Granite Dome & Lakes 2017

This was my third time visiting the exceptionally scenic region beneath Granite Dome. In both 2012 and 2014 visits were in early June and most of the lakes were melted out. This time a full month later in early July the lakes were mostly frozen; a testament to the unprecedented High Sierra snowpack received in the winter of 2017. What made this visit special was the colorful ice pools in the lakes, including a heavenly blue pool in Upper Lewis Lake and a stunning teal turquoise color in Ridge Lake. In addition, Iceland Lake was only partially melted out with icebergs and an array of ice colors from green to blue. Similar to my first visit in 2012, I ascended to the top of Granite Dome which has great views of the Emigrant Wilderness and Northern Yosemite. Tower Peak is particularly striking to the east. The crux of the trip was crossing Summit Creek which was raging like a river. There was one safe log over the creek in the vicinity I needed to cross. It was mostly dry in the morning but by afternoon it was wet and I had to carefully scoot across while keeping my feet sufficiently out of the water so the swift current would not pull me in!  It also didn’t help that I had turned my ankle on trail run in and was relegated to walking (carefully) the rest of the outing. Complete photo album here.  Route on Strava here.

Granite Dome is an immense granite massif with numerous micro-basins occupied by a series of stunning alpine lakes set amid granite slabs and cliffs. I like to describe this region as the “Granite Balconies” since each of the lakes can be viewed from above on granite slabs. All of the lakes are located on the northern side of a broad, massive ridge called Granite Dome. The summit is a fairly nondescript and non-prominent point along the ridge. The region is characterized by ubiquitous ice polished granite carved into its present form by glaciers that blanketed this region over millennia. No trails travel into this area making it a relatively infrequently visited spot where solitude and ample room for exploration can be found. While the northern side of Granite Dome is rugged, the south side features more subdued terrain and no lakes until much farther down in the Emigrant Wilderness. The region is accessed via Kennedy Meadows off of the Sonora Pass Highway and includes a moderately steep trail to reach Relief Reservoir and beyond. The off-trail travel is fairly easy with navigation on friendly granite slabs. The primary objective in route finding on this terrain is to avoid steeper sections of granite that can become cliffs. The named lakes of the region include the Lewis Lakes (lower, middle, upper), Sardella Lake, Ridge Lake and Iceland Lake with a numerous other smaller tarns. Ridge Lake is arguably the centerpiece nestled beneath the towering cliffs of Granite Dome with waterfalls splashing down into the lake from the upper reaches of the peak. However, Middle Lewis Lake is perhaps the most dramatic with towering granite cliffs surrounding its shores like an amphitheater. Furthermore, the view overlooking Iceland Lake from the south is fantastic.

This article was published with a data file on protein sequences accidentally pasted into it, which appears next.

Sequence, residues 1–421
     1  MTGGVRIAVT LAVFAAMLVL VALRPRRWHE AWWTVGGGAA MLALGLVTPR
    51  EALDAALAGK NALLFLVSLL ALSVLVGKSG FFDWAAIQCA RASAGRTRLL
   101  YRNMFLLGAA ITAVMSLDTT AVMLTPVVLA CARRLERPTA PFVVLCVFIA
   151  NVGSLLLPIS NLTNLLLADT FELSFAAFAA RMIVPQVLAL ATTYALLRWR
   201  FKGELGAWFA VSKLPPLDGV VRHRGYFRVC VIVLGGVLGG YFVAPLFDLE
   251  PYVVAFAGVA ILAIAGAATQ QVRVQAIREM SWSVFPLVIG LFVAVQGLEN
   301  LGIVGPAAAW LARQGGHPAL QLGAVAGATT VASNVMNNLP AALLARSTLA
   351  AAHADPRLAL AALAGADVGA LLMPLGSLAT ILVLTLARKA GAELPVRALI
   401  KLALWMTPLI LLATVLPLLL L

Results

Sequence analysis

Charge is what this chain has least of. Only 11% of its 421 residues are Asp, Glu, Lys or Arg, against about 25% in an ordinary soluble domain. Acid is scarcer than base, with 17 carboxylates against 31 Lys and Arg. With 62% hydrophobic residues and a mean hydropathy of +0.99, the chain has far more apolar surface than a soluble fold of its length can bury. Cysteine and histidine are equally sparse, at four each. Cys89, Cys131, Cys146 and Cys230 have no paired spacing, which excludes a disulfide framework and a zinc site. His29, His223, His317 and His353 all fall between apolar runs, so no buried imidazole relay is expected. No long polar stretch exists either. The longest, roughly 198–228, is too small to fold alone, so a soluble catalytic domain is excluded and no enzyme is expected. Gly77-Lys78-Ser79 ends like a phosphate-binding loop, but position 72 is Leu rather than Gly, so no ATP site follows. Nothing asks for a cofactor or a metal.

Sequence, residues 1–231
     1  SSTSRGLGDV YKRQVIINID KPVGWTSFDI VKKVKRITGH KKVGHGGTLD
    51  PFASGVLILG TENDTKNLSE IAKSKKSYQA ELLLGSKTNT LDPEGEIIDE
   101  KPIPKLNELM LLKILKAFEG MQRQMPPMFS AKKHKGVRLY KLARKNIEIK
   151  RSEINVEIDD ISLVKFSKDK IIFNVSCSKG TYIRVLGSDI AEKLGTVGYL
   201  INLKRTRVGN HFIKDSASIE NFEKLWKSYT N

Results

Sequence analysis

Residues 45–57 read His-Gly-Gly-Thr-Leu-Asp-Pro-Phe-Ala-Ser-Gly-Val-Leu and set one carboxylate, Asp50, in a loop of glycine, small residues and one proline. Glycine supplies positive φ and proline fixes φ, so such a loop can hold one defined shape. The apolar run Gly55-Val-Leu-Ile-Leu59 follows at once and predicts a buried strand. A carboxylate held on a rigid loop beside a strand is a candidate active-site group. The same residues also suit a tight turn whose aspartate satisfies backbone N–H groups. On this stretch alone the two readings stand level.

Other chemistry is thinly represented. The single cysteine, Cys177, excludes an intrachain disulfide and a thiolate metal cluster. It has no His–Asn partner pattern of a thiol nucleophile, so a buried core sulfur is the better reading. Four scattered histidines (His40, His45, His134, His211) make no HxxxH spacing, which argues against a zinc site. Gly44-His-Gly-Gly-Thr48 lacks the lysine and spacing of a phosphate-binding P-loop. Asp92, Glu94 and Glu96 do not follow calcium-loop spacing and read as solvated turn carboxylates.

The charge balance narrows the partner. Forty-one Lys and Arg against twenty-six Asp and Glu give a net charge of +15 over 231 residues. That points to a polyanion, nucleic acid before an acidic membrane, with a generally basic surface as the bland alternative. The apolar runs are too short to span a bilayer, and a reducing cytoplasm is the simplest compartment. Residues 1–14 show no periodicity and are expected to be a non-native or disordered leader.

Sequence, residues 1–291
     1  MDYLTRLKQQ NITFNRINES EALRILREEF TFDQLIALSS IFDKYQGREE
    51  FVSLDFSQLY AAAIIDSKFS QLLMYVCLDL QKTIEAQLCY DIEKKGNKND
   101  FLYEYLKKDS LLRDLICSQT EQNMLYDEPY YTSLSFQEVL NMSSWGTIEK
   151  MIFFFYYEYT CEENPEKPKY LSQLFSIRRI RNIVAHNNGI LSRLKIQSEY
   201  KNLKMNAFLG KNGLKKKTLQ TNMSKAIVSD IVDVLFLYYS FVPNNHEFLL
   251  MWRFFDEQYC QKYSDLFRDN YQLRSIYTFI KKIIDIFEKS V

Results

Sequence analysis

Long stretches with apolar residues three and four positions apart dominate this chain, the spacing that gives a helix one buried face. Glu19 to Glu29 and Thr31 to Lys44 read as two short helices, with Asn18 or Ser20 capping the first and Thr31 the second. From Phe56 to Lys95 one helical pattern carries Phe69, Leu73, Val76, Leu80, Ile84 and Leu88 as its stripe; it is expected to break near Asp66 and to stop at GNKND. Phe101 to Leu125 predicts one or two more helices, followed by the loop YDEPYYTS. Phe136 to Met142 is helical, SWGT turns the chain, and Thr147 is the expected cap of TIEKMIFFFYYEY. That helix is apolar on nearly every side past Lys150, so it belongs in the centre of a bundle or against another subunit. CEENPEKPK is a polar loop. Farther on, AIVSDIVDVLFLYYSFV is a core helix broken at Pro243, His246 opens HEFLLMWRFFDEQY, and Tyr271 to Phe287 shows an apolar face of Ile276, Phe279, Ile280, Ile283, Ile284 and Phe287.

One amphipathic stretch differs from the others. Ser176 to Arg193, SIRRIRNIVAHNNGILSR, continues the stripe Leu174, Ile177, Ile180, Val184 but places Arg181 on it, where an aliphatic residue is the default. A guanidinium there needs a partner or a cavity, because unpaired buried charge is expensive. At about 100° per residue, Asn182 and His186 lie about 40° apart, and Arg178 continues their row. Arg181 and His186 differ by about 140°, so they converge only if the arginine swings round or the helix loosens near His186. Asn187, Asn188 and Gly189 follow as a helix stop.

The ascent to Granite Dome’s summit is fairly straightforward from the lakes. On both of my climbs I ascended directly to the ridge from Upper Lewis Lakes. If early in the season (or a heavy snow year like this year when snow will persist through much of summer) consider bringing ice and crampons as the slope to the ridge is moderately steep. Once on the ridge it’s fairly flat with some nice alpine wildflowers amid the volcanic rocks with some interesting rock features as one approaches the summit. Several false summits are passed on what feels like a long ridge traverse before the highpoint is reached. The best views of the lakes are located slightly below the summit where the flatter rocks of the summit area abruptly transition to the precipitous granite cliffs.

 

 

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